Urban Green

Author: Peter Harnik
Publisher: Island Press
ISBN: 9781597268127
Size: 56.65 MB
Format: PDF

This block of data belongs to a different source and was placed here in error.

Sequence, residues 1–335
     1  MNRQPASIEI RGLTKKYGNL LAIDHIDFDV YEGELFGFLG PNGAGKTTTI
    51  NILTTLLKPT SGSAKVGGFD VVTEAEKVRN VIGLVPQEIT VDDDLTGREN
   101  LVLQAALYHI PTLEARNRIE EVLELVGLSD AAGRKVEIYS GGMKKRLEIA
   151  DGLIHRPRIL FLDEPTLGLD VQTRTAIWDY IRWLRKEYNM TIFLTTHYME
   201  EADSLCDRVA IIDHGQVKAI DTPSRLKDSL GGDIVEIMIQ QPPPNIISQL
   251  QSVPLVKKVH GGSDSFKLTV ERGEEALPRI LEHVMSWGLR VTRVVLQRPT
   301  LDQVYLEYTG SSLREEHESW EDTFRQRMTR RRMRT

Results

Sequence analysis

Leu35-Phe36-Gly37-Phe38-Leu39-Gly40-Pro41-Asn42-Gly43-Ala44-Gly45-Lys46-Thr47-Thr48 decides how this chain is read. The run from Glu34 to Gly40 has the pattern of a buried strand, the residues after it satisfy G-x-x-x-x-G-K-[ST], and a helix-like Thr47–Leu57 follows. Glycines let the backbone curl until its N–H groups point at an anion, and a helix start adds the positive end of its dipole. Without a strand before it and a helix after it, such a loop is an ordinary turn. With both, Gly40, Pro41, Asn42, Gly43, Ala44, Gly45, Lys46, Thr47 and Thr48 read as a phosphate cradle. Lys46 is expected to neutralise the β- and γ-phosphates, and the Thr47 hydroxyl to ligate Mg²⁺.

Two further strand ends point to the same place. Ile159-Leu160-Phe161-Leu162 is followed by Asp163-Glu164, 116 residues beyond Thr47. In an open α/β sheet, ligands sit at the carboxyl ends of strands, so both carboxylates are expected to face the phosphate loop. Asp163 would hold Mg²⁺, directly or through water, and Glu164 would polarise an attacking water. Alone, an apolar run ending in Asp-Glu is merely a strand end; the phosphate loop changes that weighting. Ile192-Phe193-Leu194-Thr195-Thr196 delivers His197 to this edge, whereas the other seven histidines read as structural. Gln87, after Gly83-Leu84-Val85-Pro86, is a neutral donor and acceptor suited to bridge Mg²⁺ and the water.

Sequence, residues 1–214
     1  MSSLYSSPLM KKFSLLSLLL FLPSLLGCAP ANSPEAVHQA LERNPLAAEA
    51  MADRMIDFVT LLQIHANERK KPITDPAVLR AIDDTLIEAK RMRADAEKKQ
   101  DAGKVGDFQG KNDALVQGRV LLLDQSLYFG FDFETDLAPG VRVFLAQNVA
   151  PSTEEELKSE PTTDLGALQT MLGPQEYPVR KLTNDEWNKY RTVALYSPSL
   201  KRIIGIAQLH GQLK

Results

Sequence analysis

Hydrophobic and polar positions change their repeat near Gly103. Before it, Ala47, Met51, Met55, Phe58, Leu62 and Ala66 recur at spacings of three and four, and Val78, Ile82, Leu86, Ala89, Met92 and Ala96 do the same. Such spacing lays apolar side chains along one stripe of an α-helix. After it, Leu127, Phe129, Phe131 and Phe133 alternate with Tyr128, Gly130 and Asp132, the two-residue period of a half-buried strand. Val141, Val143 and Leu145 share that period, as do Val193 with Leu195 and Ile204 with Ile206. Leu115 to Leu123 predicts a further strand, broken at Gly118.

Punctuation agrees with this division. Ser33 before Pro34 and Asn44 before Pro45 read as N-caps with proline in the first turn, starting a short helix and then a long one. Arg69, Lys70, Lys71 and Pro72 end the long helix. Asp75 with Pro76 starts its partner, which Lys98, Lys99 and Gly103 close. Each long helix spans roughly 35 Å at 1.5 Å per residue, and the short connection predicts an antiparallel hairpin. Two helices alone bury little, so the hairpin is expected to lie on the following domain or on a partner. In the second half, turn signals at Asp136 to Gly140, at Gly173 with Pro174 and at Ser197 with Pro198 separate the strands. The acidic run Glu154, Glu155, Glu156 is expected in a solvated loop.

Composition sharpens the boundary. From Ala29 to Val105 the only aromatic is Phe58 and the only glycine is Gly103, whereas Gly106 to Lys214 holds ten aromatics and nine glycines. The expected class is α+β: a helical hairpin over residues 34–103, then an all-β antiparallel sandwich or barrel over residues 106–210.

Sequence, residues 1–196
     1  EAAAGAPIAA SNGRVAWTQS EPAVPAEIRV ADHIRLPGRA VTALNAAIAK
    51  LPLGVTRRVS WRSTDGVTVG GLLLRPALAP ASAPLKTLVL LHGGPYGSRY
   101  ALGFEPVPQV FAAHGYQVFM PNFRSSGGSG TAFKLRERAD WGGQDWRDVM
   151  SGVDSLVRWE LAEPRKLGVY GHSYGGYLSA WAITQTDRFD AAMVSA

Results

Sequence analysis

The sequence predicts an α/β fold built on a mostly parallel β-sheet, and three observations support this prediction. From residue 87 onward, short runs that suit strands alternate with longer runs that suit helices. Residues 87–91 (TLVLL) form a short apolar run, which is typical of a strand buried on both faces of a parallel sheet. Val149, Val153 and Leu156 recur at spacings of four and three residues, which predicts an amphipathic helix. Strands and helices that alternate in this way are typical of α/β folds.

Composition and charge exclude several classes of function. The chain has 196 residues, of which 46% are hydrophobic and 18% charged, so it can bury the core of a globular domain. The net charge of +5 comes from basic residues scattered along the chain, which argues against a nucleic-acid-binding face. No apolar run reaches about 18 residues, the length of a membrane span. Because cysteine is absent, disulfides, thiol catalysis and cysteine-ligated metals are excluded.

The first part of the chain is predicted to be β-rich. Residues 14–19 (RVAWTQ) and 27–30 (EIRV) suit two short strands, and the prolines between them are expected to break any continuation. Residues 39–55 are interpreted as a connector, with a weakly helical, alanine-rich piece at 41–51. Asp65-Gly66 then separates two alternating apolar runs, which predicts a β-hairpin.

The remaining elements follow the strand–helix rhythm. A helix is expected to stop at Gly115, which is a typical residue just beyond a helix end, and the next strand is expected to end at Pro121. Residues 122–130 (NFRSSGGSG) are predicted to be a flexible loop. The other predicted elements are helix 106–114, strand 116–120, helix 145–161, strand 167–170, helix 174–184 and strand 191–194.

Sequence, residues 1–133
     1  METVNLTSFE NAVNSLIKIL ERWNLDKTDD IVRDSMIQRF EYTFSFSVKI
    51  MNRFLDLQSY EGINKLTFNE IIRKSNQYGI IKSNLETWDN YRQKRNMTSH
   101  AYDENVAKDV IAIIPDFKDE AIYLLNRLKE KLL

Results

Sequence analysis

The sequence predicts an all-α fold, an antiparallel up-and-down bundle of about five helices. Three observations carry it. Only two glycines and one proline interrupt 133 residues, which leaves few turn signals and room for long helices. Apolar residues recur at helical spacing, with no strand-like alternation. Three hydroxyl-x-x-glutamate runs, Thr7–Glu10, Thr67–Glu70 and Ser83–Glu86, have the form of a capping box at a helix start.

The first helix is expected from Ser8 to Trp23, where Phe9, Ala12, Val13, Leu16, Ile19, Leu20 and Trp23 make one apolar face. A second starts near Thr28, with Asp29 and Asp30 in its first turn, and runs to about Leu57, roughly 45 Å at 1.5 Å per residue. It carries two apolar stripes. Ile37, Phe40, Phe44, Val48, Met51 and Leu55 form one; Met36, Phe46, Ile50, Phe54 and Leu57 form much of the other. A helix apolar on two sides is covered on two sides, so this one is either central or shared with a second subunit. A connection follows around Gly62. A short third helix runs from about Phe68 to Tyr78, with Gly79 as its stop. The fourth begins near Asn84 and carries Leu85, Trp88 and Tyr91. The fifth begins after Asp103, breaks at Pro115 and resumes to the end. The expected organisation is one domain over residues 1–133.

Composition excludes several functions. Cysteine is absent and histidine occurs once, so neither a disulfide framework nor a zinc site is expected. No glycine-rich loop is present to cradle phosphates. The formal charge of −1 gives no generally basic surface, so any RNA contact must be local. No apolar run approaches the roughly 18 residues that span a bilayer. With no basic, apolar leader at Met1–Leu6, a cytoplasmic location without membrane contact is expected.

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Urban Green from the Author: Peter Harnik. For years American urban parks fell into decay due to disinvestment, but as cities began to rebound—and evidence of the economic, cultural, and health benefits of parks grew— investment in urban parks swelled. The U.S. Conference of Mayors recently cited meeting the growing demand for parks and open space as one of the biggest challenges for urban leaders today. It is now widely agreed that the U.S. needs an ambitious and creative plan to increase urban parklands. Urban Green explores new and innovative ways for “built out” cities to add much-needed parks. Peter Harnik first explores the question of why urban parkland is needed and then looks at ways to determine how much is possible and where park investment should go. When presenting the ideas and examples for parkland, he also recommends political practices that help create parks. The book offers many practical solutions, from reusing the land under defunct factories to sharing schoolyards, from building trails on abandoned tracks to planting community gardens, from decking parks over highways to allowing more activities in cemeteries, from eliminating parking lots to uncovering buried streams, and more. No strategy alone is perfect, and each has its own set of realities. But collectively they suggest a path toward making modern cities more beautiful, more sociable, more fun, more ecologically sound, and more successful.